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Industrial unrest, against Socialism

Trade union members in France and Germany are becoming conscious of the need to break the law if they are to keep their jobs.

At present it is illegal to ask any worker in France to work more than a 35 hour week, except in special cases determined by political lobbying. Not surprisingly this has led to the closure of low-paid jobs at an accelerating rate with relocation to Eastern Europe the current favourite.

When I was last in Slovakia in May this year, a deal had recently been struck to move a Peugeot factory from France. On my previous visit in 1993, unemployment threatened to hit 80 per cent in some towns.

The power struggle between Finance Minister Nicolas Sarkozy and President Jacques Chirac now encompasses the scrapping of the 35 hour week. Chirac did not veto the measure when the Socialist government passed the law, no doubt under the influence of his then influential leftist political advisor – his daughter.

So now Chirac cannot face anything more than cosmetic reform of a job-destroying law, without looking the cretin that he his. Of course, leaving things as they are makes him look thick-headed, or a “veau” (calf) as we say in France.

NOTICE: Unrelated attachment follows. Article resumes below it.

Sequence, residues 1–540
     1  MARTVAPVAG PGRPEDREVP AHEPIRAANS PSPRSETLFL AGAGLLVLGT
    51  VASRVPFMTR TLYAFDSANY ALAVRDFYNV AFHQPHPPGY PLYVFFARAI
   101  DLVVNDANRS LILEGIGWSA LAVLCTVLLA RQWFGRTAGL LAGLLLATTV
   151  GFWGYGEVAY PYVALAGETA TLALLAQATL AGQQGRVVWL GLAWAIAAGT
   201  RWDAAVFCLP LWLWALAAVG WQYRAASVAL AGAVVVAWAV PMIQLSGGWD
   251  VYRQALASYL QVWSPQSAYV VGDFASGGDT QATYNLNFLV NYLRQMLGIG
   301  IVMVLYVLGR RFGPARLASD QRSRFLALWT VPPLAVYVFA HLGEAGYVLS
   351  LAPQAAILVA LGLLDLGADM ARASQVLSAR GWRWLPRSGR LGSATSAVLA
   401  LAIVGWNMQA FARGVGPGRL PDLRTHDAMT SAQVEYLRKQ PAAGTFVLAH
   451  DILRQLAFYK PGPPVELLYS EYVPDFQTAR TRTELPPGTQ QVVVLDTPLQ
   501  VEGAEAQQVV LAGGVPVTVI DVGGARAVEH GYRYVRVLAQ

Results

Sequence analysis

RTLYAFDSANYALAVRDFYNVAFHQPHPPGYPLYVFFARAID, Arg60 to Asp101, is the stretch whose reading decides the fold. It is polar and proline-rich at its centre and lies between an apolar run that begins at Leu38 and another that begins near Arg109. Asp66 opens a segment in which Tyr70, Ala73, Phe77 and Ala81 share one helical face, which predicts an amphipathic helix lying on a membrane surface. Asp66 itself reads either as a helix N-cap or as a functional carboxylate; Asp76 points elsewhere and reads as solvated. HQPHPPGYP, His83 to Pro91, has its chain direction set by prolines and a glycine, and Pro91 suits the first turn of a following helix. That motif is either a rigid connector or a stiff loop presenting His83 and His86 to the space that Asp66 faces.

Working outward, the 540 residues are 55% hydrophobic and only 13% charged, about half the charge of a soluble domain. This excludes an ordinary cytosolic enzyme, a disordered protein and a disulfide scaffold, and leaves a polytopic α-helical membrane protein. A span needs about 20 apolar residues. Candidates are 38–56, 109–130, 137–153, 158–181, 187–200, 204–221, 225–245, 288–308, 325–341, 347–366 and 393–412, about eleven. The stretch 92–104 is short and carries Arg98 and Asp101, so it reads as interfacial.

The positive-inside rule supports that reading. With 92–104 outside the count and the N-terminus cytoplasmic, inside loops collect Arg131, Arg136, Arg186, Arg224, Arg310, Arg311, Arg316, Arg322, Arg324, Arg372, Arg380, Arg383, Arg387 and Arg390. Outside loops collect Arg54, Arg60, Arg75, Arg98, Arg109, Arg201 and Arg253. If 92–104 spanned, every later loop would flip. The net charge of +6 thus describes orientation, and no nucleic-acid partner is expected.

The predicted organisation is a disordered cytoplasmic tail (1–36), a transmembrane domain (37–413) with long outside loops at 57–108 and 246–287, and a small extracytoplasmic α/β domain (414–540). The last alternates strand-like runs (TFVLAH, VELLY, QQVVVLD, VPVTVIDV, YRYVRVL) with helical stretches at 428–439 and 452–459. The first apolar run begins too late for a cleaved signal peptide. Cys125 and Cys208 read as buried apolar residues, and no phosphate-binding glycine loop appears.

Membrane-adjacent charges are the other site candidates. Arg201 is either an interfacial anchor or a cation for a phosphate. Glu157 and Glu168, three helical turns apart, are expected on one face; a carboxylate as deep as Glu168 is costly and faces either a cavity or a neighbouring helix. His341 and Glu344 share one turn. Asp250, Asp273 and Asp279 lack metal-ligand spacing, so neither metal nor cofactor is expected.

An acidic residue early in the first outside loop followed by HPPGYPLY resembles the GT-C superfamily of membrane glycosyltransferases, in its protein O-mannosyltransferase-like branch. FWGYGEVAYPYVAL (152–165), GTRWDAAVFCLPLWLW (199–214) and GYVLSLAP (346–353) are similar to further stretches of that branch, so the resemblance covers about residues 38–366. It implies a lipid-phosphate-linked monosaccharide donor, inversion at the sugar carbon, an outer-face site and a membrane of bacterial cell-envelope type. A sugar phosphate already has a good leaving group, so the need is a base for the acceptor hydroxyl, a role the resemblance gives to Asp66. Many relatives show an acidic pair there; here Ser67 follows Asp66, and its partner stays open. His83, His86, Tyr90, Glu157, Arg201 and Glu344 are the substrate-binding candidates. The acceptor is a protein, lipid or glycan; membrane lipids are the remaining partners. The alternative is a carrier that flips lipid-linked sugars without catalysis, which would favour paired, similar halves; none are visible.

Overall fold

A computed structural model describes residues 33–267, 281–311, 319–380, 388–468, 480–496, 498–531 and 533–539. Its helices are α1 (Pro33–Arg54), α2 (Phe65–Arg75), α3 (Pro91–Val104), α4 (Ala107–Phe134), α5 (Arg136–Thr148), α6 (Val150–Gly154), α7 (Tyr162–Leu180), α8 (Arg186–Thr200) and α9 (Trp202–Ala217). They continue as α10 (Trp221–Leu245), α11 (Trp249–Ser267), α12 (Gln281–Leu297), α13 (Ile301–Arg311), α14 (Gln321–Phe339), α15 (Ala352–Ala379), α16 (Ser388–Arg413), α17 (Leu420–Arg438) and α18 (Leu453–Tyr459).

So in the marketplace the obvious solution is emerging: factory workers are agreeing to work an extra hour a week without pay. How this is better for social justice than letting people work and get paid for the hours they want beats me, but if it makes them happy…

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2 comments to Industrial unrest, against Socialism

  • Of course, in Britain, we do have things almost as stupid (although not quite as damaging). Here, most shops are allowed to open for a maximum of 6 hours on Sundays, and these six hours must be between 10am and 6pm (and I think they must be consecutive).

    However, there is nothing preventing shops for opening longer than this: they are just not allowed to sell you anything. And quite a few shops do in fact (for instance) open their doors at 9.30am so that customers can come in and look at and select goods. However, if they want to buy something, they must queue at the till until the store is allowed to legally take their money at 10am.

  • Antoine Clarke

    Well, last time I signed a contact as a temporary worker I had a choice of boxes to tick: Did I wish to be restricted by the EU Social Chapter regulations limiting me to a 48 hour week, or did I wish to opt-out?

    Knowing that there was little chance of being offered more than 40 hours work (alas!) I did not hesitate to vote for freedom.